Also, Doreen and Kamala are so completely comfortable in who they are. Yeah, they both have questions and confusion when trying to balance super heroism and regular life, but they always remain 100% unapologetically them. While there are several strong female leading ladies being published right now (Lumberjanes, Spider-Gwen, Rat Queens, etc.), Doreen and Kamala are a unique combination of similarities and differences that make their stories stand out. Initially, Kamala struggles to reconcile herself with the idea that she is a superhero. When she first starts saving people, she transforms into Captain Marvel because she believes that a tall, blonde superhero with big “boots” is what people want and expect. It isn’t until issue five that Kamala realizes that her strength and her effectiveness come from being unashamedly herself. As her confidence in herself grows, she is able to save more and more people and concentrate on the important things rather than putting her energy into maintaining the shape of Captain Marvel. Doreen, on the other hand, exudes oodles of confidence right off the bat. In the very first issue, we see Doreen tuck her tail into her pants, look into the mirror, and comment on her “conspicuously large and conspicuously awesome butt.” While Kamala’s difficulties lie in getting used to her new powers, Doreen’s difficulties have more to do with acting like an everyday college student to not give her identity away. She is constantly having to remind herself that most freshman at university cannot carry stacks of extremely heavy boxes by themselves or talk to their pet squirrels.
Although there are many differences between Doreen and Kamala, the ways in which they learn to live each day with confidence are wonderfully similar. When Ms. Marvel teams up with Wolverine to fight the inventor in issue six, she is not afraid to let Wolverine know how much she admires him. She fangirls all over the place and it is fantastic. She is also a total nerd, but this nerdism isn’t fetishized or made fun of in any way. Her friends embrace it, she embraces it, and she’s able to live without having to hide her passions. I’m so tired of seeing the manic pixie dream girl-esque female geek who likes all the things guys want her to like, but has no personality or story of her own. Kamala is exactly not that and it is glorious. Doreen constantly talks to herself and everything she says is positive. This is a huge step forward and something that has been a big reminder to myself. It’s okay to love the things that make you you. It’s okay to think you’re beautiful and funny. It’s okay to think your butt looks great. Doreen is a klutz and she says embarrassing things sometimes, but you know what? It’s okay! Everything she does is a part of who she is and she rolls with it.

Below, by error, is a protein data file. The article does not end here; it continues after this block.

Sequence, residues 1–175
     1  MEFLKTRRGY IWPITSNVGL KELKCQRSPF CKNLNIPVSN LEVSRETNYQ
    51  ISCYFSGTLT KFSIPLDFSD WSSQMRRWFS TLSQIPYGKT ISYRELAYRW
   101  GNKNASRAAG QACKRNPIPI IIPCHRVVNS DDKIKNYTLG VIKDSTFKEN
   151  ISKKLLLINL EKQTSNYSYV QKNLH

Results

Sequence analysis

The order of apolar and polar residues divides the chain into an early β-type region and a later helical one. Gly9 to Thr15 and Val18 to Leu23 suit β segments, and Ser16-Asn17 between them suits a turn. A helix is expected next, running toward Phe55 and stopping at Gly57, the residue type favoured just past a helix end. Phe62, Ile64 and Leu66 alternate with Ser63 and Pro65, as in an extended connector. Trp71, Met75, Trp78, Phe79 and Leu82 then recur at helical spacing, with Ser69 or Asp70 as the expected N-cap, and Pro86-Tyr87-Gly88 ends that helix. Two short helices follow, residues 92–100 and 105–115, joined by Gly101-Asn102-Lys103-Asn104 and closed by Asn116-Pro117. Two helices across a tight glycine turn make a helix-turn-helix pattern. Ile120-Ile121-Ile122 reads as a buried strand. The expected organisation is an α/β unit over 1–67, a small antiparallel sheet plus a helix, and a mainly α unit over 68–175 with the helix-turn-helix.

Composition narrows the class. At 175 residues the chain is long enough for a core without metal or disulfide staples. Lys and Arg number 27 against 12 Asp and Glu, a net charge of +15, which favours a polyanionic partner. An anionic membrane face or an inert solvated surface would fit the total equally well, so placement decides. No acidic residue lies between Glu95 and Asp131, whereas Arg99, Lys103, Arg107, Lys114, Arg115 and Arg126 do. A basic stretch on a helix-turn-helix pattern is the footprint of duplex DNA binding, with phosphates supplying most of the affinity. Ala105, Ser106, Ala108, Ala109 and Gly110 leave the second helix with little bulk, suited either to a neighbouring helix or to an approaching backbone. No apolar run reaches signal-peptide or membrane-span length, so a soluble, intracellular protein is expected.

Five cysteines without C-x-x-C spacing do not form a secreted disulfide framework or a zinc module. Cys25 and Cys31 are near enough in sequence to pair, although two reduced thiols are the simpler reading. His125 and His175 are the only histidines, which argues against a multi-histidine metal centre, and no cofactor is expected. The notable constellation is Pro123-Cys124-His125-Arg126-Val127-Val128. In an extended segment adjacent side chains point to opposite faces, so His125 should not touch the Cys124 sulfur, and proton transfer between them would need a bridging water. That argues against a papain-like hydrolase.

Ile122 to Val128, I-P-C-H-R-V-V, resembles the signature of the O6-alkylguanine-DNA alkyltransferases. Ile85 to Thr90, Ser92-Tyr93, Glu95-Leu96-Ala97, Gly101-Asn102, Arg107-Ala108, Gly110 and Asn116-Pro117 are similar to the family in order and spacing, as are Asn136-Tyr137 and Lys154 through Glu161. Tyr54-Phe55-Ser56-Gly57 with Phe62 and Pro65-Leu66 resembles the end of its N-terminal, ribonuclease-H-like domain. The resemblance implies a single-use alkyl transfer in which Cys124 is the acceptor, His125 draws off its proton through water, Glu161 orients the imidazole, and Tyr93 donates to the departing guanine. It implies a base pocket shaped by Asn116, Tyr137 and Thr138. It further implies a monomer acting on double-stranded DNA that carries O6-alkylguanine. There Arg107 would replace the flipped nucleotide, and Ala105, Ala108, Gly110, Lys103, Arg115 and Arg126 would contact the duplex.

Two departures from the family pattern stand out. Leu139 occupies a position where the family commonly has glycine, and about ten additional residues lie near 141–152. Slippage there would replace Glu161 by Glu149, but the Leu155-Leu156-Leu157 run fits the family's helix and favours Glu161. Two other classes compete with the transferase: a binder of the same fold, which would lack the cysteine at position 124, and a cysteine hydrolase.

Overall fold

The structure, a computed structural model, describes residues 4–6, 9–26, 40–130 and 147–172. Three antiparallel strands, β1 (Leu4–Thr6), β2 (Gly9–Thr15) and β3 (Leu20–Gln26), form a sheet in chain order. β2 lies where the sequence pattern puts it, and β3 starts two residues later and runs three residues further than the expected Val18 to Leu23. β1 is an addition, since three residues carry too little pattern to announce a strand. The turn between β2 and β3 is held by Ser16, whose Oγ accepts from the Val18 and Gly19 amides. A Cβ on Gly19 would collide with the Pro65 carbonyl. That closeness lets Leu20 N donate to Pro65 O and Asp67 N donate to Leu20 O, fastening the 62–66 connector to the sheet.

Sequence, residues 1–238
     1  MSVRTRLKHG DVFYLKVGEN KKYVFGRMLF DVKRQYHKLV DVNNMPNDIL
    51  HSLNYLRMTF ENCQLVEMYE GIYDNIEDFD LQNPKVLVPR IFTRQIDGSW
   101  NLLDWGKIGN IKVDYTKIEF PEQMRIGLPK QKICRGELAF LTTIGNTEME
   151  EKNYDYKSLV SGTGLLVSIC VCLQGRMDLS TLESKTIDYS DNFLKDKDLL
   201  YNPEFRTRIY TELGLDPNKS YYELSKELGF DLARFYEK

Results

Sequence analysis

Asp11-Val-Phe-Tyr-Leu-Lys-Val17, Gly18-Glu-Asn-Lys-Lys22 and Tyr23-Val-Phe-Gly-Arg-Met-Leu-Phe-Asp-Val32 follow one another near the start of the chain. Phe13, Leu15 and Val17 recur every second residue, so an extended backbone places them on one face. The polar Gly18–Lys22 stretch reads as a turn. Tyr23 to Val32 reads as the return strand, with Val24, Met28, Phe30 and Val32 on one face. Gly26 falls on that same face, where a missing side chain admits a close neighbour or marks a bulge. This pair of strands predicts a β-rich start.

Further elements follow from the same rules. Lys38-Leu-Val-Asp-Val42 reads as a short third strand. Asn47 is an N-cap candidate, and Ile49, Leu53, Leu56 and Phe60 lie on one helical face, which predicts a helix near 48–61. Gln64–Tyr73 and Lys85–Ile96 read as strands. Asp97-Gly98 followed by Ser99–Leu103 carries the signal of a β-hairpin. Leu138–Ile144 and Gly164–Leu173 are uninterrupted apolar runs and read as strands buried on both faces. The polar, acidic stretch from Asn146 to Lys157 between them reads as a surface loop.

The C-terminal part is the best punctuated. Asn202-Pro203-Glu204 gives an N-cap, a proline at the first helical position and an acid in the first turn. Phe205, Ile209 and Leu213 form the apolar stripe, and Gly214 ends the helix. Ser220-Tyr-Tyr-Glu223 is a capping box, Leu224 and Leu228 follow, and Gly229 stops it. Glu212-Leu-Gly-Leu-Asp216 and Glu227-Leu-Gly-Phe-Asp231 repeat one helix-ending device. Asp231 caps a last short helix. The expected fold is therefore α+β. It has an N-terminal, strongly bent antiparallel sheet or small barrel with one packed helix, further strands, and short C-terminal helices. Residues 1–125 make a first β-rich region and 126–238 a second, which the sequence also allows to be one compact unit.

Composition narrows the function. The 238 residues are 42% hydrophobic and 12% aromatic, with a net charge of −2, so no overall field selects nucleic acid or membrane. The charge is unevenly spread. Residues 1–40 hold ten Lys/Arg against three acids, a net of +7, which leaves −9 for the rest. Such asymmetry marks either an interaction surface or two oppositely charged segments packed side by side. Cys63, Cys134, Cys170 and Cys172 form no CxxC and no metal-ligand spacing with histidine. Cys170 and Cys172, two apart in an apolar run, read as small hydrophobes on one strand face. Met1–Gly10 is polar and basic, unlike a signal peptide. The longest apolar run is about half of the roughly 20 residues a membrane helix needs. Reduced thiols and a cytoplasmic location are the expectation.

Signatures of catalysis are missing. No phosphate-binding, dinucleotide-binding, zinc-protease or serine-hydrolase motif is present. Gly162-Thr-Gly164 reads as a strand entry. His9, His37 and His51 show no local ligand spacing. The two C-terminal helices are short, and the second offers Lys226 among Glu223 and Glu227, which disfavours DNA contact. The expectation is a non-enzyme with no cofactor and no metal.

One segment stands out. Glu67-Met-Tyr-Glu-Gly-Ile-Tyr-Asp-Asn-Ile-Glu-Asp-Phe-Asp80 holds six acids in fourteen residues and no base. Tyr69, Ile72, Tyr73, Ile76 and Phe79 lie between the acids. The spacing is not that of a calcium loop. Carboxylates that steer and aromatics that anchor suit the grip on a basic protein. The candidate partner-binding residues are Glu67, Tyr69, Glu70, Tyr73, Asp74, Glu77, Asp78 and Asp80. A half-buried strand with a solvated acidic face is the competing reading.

Speaking of things that are okay, or more than okay in this case, let’s talk about the art in these comics. Here are two female superheroes that do not have large breasts or tiny waists, but do end up in a lot of silly looking poses with hilarious expressions on their faces, because guess what, fighting is not always pretty. Between Kamala’s embiggening random parts of her body and Doreen’s spastic jumping about, these girls are not the epitome of our modern perception of beauty, but they are gorgeous in a very real, very human way. It sounds weird to say real and human in the same sentence as embiggening, but that’s the amazing thing about Ms. Marvel and The Unbeatable Squirrel Girl. Their super powers do not make them any less relatable or any less the teenage girls that they are. Doreen’s buck toothed grin and Kamala’s pointy nose add to the sense that these could be girls in your classes or that you work with or even you yourself. Oh and guess what else, their costumes are actually practical and actually cover their bodies (I’m as shocked as you, believe me). While Doreen seems to have an interesting sort of bustier going on, it is never sexualized in any way. Kamala’s outfit is built to allow for the greatest functionality in conjunction with her powers and the fact that her outfit is adorable is just a happy bonus.
I just am honestly so amazed that we are at a point in which comics with girls making ridiculous faces and not constantly looking sexy and desirable are so well received. Doreen and Kamala are loved for something so much deeper than their appearances and that absolutely warms my heart. They never feel the need to bend or dampen themselves to fit into the ‘ideal woman’ image because they are lovely and amazing, living boldly and openly as themselves. Ms. Marvel and The Unbeatable Squirrel Girl have opened my eyes to a whole new level of self-respect that I think many women are never exposed to. I’ve never before felt so powerful and strong simply from reading something so please give The Unbeatable Squirrel Girl and Ms. Marvel to everyone you know.